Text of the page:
energy and to health problems (Xanthopoulou et al., 2007). The motivational process occurs when job resources have a motivational potential leading to high work engagement, low cynicism, and excellent performance (Xanthopoulou et al., 2007) Evidence for the impairment process was found in the current study, but not the motivational process. Therefore, in conclusion, findings from this research suggest that the more obstacles and the less facilitators students perceive, the more burnout they are likely to suffer, the less engaged they are likely to be, and the worse they are likely to perform. In addition, the findings suggest that the more facilitator’s students perceive, the more likely they are to feel engaged with their studies. Finally, the findings suggest that high achievers are more likely to suffer burnout, and in turn, are more likely to be engaged with their studies as a result of them being overachievers. Limitations of the current study and directions for future research

Whilst significant findings were obtained in the current study, there were nonetheless, limitations. The first limitation pertaining to the current research (as is the case with most research) is the fact that it was cross-sectional in nature, and, therefore unable to establish any degree of causality, thereby relying only on the assumption of association. Therefore, although the current study claimed to study processes in students’ well-being, it is not possible to draw final conclusions about the causal relationships between academic obstacles/facilitators, academic burnout/engagement and academic performance. 80 Another limitation pertaining to the current study is the fact that it was partly influenced by common methods bias. Common methods bias refers to a well-documented phenomenon observed in research based on self-reported measures (Kamakura, 2011). Within the current study, multiple variables (academic obstacles, academic facilitators, academic burnout and academic

engagement) were measured using common methods, such as multiple-item scales presented within the same survey, thereby potentially resulting in false effects due to the measurement instruments rather than the variables being measured. The fact that participants were asked to report their own perceptions regarding academic obstacles, facilitators, burnout, and engagement in the same survey may have led to false correlations among the items measuring these variables due to factors such as response styles, social desirability or priming effects which are independent from the true correlations among the variables being measured (Kamakura, 2011). A further limitation was the ‘questionable’ reliabilities for the professional efficacy and dedication subscales, as they may have affected the analysis. The way in which academic performance was operationalised in the current study poses a further limitation to this study for reasons mentioned above. Future research may wish to look at all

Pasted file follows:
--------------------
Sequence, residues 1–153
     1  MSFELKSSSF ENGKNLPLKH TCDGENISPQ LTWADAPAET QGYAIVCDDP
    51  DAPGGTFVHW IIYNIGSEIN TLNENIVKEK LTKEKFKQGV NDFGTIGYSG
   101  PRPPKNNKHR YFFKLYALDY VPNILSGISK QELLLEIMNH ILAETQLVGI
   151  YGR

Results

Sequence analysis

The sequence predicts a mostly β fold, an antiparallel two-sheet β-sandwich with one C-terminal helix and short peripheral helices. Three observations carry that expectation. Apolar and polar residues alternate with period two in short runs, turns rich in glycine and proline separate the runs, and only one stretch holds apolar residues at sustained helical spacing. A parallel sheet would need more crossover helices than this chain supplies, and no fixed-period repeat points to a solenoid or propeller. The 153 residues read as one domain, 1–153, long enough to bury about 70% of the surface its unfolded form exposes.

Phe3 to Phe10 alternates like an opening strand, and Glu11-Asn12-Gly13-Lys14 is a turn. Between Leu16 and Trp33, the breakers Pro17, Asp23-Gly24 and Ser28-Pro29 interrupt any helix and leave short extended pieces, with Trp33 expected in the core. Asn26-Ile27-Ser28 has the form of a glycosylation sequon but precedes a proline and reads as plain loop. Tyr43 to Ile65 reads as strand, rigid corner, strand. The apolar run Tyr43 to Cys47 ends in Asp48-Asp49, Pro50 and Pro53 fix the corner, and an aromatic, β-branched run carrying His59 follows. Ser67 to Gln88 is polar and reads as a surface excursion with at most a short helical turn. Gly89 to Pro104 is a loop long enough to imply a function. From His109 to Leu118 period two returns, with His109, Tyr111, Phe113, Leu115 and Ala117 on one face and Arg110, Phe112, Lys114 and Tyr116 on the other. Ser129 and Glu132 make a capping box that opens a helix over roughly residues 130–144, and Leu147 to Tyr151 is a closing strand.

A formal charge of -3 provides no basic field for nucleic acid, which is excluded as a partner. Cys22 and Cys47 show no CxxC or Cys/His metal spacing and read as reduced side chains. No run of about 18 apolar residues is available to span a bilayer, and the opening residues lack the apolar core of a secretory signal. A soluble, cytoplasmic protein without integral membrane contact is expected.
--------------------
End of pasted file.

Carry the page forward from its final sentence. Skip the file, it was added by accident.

the marks obtained across the academic year and then perform z scores for comparisons across multiple samples. Although several researchers recommend and use parcelling methods, this is not always seen as good practice for a number of reasons. From a philosophical perspective, parcelling is analogous to “cheating” (Little, Cunningham, Shahar, & Widaman, 2002, p.152) due to the fact that modelled data should be as close as possible to the response of the individual so as to prevent the potential imposition of a misleading structure. From an empirical perspective, parcelling should only be considered when constructs are unidimensional rather than multidimensional (Little et al., 2002) This is because parcels made from items measuring a multidimensional construct are themselves expected to be multidimensional in structure (Little et al., 2002) Multidimensional parcels can interfere with measurement models as they can present biased loading estimates, making it challenging to

interpret the nature of the 81 variance of a latent construct (Little et al., 2002) A further limitation of parcelling according to the empirical perspective is that when scales are administered, they are often parcelled into fewer indicators of the construct, which may result in the loss of important applied information, contained in each scale (Little et al., 2002) The fact that the current study used a CFA as well as path analysis independently from one another in order to answer the research questions is a further limitation pertaining to the current study. This is due to the fact that the path analysis assumed that the manifest variables were a perfect representation of the latent variables (Lee, 2014). Even though the CFA showed that the manifest variables loaded onto the correct latent variables, running the two separate from one another may have affected the analysis. Future research therefore should aim to run a structural regression model which combines CFA and path

analysis for the best possible statistical analysis. A final limitation pertaining to the current study is the two classes of students that arose – those who experience burnout and therefore do not perform well academically, and those who are high achievers and therefore in the process of doing so, experience burnout. Future research should consider first identifying the two classes of students and then test separate models in order to reduce conflation. 82 Reference list Ahern, N. R, & Norris, A E (2011) Examining factors that increase and decrease stress in adolescent community college students. Journal of Pediatric Nursing, 26, 530-540 Akgun, S., & Ciarrocchi, J (2003) Learned resourcefulness moderates the relationship between academic stress and academic performance. Educational Psychology, 23, 287-294. Alginahi, Y.M, Ahmed, M, Tayan, O, Siddiqi, AA, Sharif, L, Alharby, A, & Nour, R (2009). ICT students stress and coping strategies: English perspective: A case